Loggerhead hatchlings found their way to the sea despite the intense light pollution in Rethymnon

On the 10th of October, the ARCHELON team closed down the Rethymnon campsite for the winter and embarked on the 12-hour journey back to Athens after 5 months of intense work protecting the sea turtle nesting beaches.


Lydia Koutrouditsou, ARCHELON’s Project manager for Crete says: “The determination of the volunteers and researchers who joined the project in 2022 was impressive. They surveyed 11 km of beach daily and protected about 170 sea turtle nests, amidst thousands of tourists. They also managed to inform about 14, 000 visitors through hotel presentations, beach walks, and at the Information Station of ARCHELON in the town of Rethymnon. We are grateful for their passion to protect the sea turtles and talk to the people about the issues related to their conservation”.

70 volunteers joined the project in total, each staying for 5 weeks or more, from late May until mid-October, with some of them joining for the second time. They received training from the field leaders: Mia Kotzageorgi (Monitoring Coordinator), Kotsiras Kostas, Sam Finlayson, De Wit Lieke, Fergus Lang (Monitoring Leaders), Grace McFlane, Alicia Kolhosser (Public Awareness Leaders) Aspetaki Eleni (Public Awareness Coordinator). “A big thank you to the Coordinators and the Field leaders, who contributed their experience and hard work to the project. We could not have made it without you" adds Lydia.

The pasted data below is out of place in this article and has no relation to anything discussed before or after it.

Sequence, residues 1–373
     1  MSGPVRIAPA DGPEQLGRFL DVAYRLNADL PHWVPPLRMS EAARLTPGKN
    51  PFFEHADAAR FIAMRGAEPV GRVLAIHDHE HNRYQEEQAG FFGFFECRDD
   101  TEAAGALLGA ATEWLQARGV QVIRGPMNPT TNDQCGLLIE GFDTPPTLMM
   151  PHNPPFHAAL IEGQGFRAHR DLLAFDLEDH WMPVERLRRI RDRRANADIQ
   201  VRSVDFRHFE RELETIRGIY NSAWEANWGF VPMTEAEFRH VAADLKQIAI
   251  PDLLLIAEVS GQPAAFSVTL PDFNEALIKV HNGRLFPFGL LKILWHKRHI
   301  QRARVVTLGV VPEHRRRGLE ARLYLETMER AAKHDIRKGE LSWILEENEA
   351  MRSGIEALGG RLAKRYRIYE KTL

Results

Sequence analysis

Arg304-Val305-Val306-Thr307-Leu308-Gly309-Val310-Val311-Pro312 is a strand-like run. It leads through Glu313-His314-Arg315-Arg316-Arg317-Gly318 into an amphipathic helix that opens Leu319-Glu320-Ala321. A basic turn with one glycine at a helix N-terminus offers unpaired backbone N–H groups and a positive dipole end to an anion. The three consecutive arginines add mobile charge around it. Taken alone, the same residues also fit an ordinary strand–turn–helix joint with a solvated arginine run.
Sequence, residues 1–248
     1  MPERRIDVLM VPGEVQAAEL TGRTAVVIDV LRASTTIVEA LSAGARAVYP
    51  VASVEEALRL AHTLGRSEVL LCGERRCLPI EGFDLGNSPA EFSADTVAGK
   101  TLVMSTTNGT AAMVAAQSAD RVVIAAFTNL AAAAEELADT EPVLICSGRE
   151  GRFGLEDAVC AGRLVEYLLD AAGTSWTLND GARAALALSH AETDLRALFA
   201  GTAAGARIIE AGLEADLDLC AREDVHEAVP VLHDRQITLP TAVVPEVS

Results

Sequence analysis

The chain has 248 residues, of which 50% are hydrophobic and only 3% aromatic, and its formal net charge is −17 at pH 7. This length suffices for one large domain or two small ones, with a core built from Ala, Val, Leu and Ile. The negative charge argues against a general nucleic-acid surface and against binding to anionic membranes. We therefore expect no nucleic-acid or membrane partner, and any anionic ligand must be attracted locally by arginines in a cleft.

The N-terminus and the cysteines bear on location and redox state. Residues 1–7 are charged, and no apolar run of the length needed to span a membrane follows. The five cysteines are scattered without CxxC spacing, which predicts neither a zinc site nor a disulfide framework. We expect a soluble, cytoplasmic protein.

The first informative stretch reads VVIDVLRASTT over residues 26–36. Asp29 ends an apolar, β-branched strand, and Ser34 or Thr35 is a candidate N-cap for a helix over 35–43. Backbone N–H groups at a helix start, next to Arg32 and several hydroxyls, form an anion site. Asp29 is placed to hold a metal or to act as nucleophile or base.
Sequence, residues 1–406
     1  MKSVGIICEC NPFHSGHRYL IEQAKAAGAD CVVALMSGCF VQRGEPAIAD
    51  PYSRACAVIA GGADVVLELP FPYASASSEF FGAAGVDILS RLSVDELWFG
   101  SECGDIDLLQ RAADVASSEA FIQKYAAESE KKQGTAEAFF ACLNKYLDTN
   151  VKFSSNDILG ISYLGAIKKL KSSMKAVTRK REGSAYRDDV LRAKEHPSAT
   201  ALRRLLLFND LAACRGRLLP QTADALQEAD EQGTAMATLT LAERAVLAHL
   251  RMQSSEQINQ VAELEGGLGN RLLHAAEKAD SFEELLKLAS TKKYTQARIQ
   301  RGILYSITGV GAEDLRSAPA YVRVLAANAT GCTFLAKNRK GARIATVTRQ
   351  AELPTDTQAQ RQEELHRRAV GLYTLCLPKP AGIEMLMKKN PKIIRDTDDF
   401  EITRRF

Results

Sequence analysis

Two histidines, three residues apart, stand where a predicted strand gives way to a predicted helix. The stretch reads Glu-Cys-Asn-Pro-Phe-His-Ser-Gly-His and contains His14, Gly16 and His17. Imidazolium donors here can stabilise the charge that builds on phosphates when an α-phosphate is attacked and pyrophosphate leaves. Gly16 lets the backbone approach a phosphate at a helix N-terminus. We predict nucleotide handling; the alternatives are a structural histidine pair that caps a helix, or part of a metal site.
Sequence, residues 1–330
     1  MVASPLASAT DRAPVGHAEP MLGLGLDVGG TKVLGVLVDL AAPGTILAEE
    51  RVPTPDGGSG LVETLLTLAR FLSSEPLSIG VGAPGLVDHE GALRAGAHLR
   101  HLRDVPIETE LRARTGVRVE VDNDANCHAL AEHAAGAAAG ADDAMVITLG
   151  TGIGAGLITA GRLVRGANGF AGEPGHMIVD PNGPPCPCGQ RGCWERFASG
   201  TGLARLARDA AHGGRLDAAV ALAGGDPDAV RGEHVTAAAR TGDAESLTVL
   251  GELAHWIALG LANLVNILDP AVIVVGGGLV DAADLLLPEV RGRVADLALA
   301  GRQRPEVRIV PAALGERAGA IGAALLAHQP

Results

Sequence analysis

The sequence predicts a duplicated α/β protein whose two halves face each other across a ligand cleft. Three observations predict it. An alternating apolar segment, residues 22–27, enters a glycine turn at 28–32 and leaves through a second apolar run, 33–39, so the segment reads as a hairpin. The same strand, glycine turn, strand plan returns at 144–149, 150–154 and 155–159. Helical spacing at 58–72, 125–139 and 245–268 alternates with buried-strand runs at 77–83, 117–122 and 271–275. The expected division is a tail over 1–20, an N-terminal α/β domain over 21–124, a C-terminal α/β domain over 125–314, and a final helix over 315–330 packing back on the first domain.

The beach of Rethymnon hosts the largest number of loggerhead turtle nests on the island of Crete. ARCHELON has documented a significant decrease in the number of nests since 2020, through long-term monitoring on this site.

Beach furniture and lights on the beach during the summer nights, when sea turtles emerge from the sea to lay their eggs, disturb nesting females and hatchlings. The presence of ARCHELON on the nesting beach of Rethymnon is essential to the nesting sea turtles and the survival of the hatchlings. Team members locate the nests and place protective cages over them to avoid trampling by beach users. Just before the hatchling season, the team place creates “shading” around each nest in order to help baby turtles avoid disorientation by the intense lights and reach the sea safely.


“We will soon start preparing for the 2023 projects, hoping to receive many enthusiastic volunteers and field leaders and maintain the high quality of the projects. We need to protect the nests and hatchlings every year, in order to help restore the sea turtle nesting population in Rethymnon” concludes Lydia.

If you would like to become a volunteer and join the ARCHELON team at Rethymnon, for the 2023 nesting season, make sure to keep an eye out on our website.



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